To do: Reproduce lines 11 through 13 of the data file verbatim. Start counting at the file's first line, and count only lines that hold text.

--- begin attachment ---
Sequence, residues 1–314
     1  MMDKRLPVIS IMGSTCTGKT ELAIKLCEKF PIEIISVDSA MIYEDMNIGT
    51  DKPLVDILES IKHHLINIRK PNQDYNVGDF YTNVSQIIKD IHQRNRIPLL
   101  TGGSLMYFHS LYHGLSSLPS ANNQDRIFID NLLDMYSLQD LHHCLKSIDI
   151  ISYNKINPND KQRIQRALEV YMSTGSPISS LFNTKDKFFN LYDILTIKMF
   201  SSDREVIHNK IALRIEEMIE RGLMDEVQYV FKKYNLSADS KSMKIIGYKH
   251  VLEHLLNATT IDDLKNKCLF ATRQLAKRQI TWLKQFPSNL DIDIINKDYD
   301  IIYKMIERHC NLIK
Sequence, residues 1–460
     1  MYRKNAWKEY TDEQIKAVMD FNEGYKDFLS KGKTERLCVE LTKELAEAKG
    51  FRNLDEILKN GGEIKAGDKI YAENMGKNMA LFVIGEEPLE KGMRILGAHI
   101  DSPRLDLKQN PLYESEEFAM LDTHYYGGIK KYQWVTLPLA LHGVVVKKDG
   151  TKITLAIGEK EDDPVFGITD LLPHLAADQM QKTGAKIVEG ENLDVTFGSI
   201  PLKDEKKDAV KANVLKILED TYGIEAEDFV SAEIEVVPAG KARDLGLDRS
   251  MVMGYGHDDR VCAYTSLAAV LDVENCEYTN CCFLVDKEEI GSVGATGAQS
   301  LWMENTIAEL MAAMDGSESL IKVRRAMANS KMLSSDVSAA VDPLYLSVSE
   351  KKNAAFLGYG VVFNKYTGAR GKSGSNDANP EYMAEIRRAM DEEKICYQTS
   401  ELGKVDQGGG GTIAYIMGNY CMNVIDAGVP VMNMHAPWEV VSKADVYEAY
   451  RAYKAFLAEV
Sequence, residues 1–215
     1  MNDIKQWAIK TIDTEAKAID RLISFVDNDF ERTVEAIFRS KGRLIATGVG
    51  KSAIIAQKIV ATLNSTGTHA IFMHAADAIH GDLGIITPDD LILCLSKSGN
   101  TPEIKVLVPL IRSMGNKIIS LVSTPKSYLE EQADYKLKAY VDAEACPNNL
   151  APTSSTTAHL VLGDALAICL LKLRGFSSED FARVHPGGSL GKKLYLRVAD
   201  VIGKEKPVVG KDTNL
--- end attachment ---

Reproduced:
    51  FRNLDEILKN GGEIKAGDKI YAENMGKNMA LFVIGEEPLE KGMRILGAHI
   101  DSPRLDLKQN PLYESEEFAM LDTHYYGGIK KYQWVTLPLA LHGVVVKKDG
   151  TKITLAIGEK EDDPVFGITD LLPHLAADQM QKTGAKIVEG ENLDVTFGSI